TAIZ, Yemen (Reuters) - Yemeni police fired in the air near protesters who set up barricades of burning tires in an industrial city on Tuesday as Gulf mediators tried to bring the sides back to talks on the president handing over power.
The United Nations Security Council was also due to meet late in the day to discuss the situation in Yemen, where Western and Gulf Arab allies fear a prolonged standoff could spark clashes between rival military units in Sanaa and elsewhere.
At least one person was shot dead and another wounded at the protest in Taiz, south of Sanaa, doctors said, as protesters across the country started to test security forces' limits after three months of demonstrations demanding the overthrow of President Ali Abdullah Saleh.
"They (protesters) are resorting to these tactics to try and escalate the situation because they feel like their demands are not being met," said Mohammed al-Mohammedi, a student protester in Taiz.
Police responded with gunfire in Taiz when protesters set up piles of burning tires. They planned to march past the provincial governor's office.
Protesters also shouted orders to salute soldiers who belonged to a battalion loyal to General Ali Mohsen, who has sent troops to protect demonstrators in Sanaa, as they marched passed an army post staffed by his troops.
Similarly, in recent days, protesters in Sanaa and the Red Sea port of Hudeida have both tried to march outside their traditional protest zones, sparking clashes with police who sought to hold them back.
Both Western and Gulf Arab allies have tried without success to broker a resolution involving a transition of power from Saleh, who has led the Arabian Peninsula state for 32 years. He says he wants a handover, but only to "safe hands."
Western countries and Arab neighbors fear sustained clashes in the poor, mountainous country where Saleh has already lost control of several provinces would cause chaos that could benefit an active al Qaeda wing operating in Yemen.
Gulf Arab states stepped in this month with an offer to mediate after Western-brokered talks stalled, and Saleh representatives were due to meet Gulf foreign ministers in Abu Dhabi on Tuesday to try to get direct talks back on track.
The Yemeni delegation is led by Foreign Minister Abubakr al-Qirbi, an internationally respected diplomat, and also includes Abdel-Karim el-Eryani, a former prime minister and foreign minister popular with Washington.
The Abu Dhabi meeting comes two days after a delegation of Saleh's opponents, who had initially rejected Gulf-led talks because they had not set a departure timeframe for Saleh, met Gulf ministers in Riyadh to lay out their objections.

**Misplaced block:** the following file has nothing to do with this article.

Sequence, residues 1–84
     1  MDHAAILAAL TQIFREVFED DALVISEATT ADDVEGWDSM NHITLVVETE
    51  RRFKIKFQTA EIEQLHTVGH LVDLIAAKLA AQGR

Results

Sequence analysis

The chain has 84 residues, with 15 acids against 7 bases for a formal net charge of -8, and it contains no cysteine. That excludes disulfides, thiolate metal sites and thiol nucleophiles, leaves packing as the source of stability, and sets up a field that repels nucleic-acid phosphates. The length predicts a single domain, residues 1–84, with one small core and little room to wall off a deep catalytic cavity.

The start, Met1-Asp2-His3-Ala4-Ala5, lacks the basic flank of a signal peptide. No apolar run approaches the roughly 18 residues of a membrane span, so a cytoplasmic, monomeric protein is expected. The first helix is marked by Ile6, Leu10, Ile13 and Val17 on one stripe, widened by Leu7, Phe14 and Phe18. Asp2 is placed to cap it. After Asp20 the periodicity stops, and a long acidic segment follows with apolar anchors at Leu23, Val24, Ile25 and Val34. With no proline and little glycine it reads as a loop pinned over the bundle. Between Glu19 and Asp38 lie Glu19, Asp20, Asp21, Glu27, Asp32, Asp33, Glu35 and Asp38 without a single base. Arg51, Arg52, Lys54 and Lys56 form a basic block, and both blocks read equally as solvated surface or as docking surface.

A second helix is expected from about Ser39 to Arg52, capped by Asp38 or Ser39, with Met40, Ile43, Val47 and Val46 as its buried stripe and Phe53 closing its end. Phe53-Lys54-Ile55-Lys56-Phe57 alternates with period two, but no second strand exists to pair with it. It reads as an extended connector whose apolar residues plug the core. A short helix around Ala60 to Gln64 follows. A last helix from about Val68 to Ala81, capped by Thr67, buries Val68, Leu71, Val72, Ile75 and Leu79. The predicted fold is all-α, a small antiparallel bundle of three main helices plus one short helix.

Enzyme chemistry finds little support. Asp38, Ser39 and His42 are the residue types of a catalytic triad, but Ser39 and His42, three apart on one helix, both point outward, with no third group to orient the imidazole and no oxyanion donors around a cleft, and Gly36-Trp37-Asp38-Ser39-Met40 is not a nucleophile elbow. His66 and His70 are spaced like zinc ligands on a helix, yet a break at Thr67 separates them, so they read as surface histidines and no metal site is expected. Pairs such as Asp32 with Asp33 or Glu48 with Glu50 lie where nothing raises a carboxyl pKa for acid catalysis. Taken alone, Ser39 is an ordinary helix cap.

"We have great hopes that the Abu Dhabi meeting will extract a clear commitment for Saleh to leave. We are not currently planning to march on the palace but we will escalate protests with a comprehensive civil strike," said Meshaal Mujahid, a protest organizer in Sanaa.
Saleh, who has accepted Gulf mediation, has warned of civil war and the break-up of the country if he is forced out. More than 117 protesters have been killed in clashes with security forces since late January.
The opposition insists that Saleh stepping down is not negotiable, but other sensitive matters like granting him immunity from prosecution would not prove stumbling blocks to a deal.
The United Nations Security Council was also planning to discuss the situation in Yemen on Tuesday at 1930 GMT, diplomats said, in a meeting that would include a briefing by a senior official from the U.N. Department of Political Affairs.
The Security Council might issue a statement after the meeting is over, diplomats said.
Saleh, meanwhile, continued to see former supporters desert him as some members of his ruling party formed a new bloc on Monday to back protests against the rule. The members include the former tourism, human rights and transport ministers.
After initially offering to leave after his current term ends in 2013, Saleh subsequently said he would step down after holding elections, possibly this year.
Even before the start of the protests, inspired by the toppling of the Tunisian and Egyptian presidents, Saleh was struggling to quell a separatist rebellion in the south and cement a truce with Shi'ite Muslim rebels in the north.
(Additional reporting by Mohammed Ghobari in Sanaa; Writing by Cynthia Johnston; Editing by Jon Hemming)
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